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What is Storytelling in Marketing?

Everybody loves a good story. The good news for marketers is that the same principles that cause us to cheer on Frodo Baggins as he scales Mount Doom or cry along with Titanic’s Rose as Jack says his goodbyes can be harnessed to connect us with products and services.

Storytelling in marketing acts as a ‘dramatic vehicle,’ taking customers, characters, products/services and other brand elements and transporting them all on a journey or adventure together.

Why Storytelling Matters

There is a very good reasons to introduce storytelling into your marketing. Engagement. Statistics have shown that being engaged with a brand makes people three times more likely to refer a product or service and three times more likely to repurchase. 44% of them give up shopping around while 33% would need to see a big discount (at least 20%) before they would consider another brand.

If those figures are tempting you, it’s time to delve deeper into what turns a marketing campaign into a story.

Creating Emotional Engagement: The Glue that Bonds Story and Audience

In order to create an engaging story, you need to find a way to get the audience to care about what happens to the characters. You do this through characterisation and creating a narrative which presents those character/s with obstacles to overcome. When they achieve this (using your product or service of course), your audience shares in their happiness and celebrates with them. This identification means that your product or service has, in effect, also helped them. This builds that vital positive connection between your brand and your potential or existing customer.

Plutchik’s Eight Basic Emotions

So which emotions should we target? After all, there are a lot of them! Fortunately, psychologist Robert Plutchik has makes the decision a bit easier by simplifying emotions into eight basic types. These are:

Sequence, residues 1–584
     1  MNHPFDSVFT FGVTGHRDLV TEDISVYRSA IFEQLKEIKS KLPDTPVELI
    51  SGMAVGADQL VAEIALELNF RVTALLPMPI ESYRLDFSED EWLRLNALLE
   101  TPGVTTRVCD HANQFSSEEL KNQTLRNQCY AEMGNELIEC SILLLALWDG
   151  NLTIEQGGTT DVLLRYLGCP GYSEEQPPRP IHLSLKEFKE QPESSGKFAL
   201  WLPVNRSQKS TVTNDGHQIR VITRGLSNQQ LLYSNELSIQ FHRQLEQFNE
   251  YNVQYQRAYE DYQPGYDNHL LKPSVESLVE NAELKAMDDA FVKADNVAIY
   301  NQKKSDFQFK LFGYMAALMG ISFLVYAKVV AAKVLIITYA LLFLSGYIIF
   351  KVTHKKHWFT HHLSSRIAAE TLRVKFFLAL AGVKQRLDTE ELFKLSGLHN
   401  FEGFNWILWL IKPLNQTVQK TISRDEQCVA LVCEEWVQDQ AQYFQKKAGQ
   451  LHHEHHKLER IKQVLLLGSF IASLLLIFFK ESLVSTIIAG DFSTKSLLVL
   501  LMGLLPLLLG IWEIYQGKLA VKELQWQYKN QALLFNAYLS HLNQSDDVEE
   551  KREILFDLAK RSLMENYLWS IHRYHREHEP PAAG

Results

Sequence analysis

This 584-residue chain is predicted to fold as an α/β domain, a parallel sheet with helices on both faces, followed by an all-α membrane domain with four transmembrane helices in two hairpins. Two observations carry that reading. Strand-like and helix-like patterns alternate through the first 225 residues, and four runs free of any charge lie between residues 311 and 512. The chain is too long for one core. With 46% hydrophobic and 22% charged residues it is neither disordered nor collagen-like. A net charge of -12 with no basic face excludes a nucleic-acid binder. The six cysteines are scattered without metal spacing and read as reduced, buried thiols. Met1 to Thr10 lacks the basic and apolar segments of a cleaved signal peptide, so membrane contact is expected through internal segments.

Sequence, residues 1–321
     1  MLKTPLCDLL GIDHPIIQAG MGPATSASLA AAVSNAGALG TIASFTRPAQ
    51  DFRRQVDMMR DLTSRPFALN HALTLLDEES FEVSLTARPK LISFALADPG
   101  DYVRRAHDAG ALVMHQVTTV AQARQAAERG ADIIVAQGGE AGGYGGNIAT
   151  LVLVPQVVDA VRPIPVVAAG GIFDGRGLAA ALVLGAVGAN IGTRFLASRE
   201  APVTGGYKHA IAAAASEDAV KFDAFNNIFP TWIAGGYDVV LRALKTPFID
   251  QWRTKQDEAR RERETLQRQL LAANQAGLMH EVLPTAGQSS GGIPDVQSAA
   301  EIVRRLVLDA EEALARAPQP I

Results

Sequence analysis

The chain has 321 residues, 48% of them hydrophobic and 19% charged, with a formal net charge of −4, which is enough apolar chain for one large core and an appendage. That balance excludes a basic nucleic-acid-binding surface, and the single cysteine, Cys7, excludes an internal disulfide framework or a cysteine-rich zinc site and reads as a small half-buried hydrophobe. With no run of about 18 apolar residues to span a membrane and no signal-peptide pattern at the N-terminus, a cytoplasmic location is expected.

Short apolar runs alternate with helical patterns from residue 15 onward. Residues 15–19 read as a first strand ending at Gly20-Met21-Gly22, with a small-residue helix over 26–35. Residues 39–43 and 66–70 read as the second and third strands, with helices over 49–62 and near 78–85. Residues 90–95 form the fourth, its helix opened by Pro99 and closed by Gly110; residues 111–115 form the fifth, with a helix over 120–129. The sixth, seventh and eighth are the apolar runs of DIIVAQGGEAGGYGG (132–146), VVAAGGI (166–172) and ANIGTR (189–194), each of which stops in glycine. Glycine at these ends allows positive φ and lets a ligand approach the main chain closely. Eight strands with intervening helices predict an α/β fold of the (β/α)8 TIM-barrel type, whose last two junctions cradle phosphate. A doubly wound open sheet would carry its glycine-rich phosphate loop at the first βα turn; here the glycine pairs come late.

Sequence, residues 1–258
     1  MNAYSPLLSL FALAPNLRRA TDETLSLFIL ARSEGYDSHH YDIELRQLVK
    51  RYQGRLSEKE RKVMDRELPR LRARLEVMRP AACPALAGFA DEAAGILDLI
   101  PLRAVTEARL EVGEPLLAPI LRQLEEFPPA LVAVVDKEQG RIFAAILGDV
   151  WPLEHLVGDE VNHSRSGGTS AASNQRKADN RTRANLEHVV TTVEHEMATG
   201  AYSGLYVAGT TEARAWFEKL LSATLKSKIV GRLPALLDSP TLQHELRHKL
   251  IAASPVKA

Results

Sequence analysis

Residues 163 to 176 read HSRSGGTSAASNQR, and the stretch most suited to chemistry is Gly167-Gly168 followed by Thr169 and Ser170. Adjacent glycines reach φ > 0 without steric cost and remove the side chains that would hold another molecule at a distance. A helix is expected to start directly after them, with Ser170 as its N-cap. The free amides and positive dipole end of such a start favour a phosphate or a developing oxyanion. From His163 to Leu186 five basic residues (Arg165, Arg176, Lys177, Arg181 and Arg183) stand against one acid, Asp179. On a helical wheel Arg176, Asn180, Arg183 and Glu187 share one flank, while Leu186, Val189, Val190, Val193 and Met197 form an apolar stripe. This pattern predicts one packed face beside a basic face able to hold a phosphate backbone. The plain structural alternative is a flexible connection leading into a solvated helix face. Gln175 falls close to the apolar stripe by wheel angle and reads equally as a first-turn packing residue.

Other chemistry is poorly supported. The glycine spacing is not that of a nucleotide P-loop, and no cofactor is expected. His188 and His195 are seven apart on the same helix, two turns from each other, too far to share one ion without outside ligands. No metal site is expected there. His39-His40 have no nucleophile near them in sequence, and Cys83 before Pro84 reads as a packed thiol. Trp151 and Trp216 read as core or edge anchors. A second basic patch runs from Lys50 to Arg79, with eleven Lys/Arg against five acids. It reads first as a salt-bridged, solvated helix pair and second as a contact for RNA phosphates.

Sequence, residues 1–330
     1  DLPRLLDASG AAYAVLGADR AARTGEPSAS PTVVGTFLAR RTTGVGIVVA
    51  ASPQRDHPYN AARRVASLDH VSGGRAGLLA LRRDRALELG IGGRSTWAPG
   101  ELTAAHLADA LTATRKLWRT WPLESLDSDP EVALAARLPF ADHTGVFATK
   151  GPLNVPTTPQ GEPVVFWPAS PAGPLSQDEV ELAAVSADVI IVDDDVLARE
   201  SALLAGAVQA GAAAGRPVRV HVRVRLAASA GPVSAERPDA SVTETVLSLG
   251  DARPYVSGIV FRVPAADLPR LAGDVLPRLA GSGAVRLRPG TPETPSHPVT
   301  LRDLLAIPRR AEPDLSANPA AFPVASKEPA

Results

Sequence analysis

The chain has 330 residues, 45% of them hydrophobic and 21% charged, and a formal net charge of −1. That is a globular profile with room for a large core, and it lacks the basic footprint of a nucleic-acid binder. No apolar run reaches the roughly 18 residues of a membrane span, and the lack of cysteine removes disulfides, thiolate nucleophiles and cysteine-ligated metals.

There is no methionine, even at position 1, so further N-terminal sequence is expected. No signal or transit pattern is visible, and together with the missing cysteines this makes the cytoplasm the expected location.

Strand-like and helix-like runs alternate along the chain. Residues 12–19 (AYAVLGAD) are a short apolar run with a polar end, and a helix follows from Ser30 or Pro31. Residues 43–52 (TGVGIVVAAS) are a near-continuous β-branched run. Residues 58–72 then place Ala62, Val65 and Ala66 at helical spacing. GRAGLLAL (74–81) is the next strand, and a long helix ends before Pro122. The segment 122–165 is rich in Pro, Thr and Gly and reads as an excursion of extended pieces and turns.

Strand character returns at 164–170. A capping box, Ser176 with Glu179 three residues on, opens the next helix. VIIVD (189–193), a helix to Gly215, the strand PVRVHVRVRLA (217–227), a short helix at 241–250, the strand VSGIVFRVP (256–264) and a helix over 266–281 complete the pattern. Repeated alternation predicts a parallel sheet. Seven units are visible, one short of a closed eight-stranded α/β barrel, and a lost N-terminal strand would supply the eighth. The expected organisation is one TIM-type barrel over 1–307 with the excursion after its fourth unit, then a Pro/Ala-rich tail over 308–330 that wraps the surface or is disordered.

• Happiness
  • Confidence
  • Fear
  • Surprise
  • Sadness
  • Disgust
  • Anger
  • Anticipation

Of course, you won’t want to create a story that makes your audience afraid of or disgusted by your product but you can help them to feel appreciative of the protection it provides from negative scenarios. For example, a powerful toilet cleaner fights off germs while a trustworthy breakdown service protects its customers from being stranded.

However, fear-based stories do need to be treated with caution. Do it wrong and you could end up creating a negative association between your brand and the frightening scenario instead.

Creating the Never Ending Story

The best stories engage their audience more deeply and for longer than the rest. The concept of the perfect, never ending marketing story can be seen in the film, ‘The Truman Show.’ This film features a 24/7/365 reality show, one where marketers’ products are woven into the characters’ real lives. Big businesses emulate this strategy by engaging customers day and night using multiple different touchpoints: magazines, newspapers, billboards, packaging, social media, website, blog posts, remarketing, radio, TV…the list (and the story) goes on.

For smaller businesses, constraints such as budget and lack of brand awareness means stories need to be carefully planned for maximum marketing ROI. However, the tactic of combining multiple pieces of content into story campaigns can still be followed using social media, PPC ads, blog posts and perhaps even a local radio ad or two.

Storytelling has the power to turn everyday products and services into tools and weapons to be used by digital heroes and heroines to achieve great things. What narrative could you come up with to capture your audience’s attention? Who would be your characters?We would love to hear your story!

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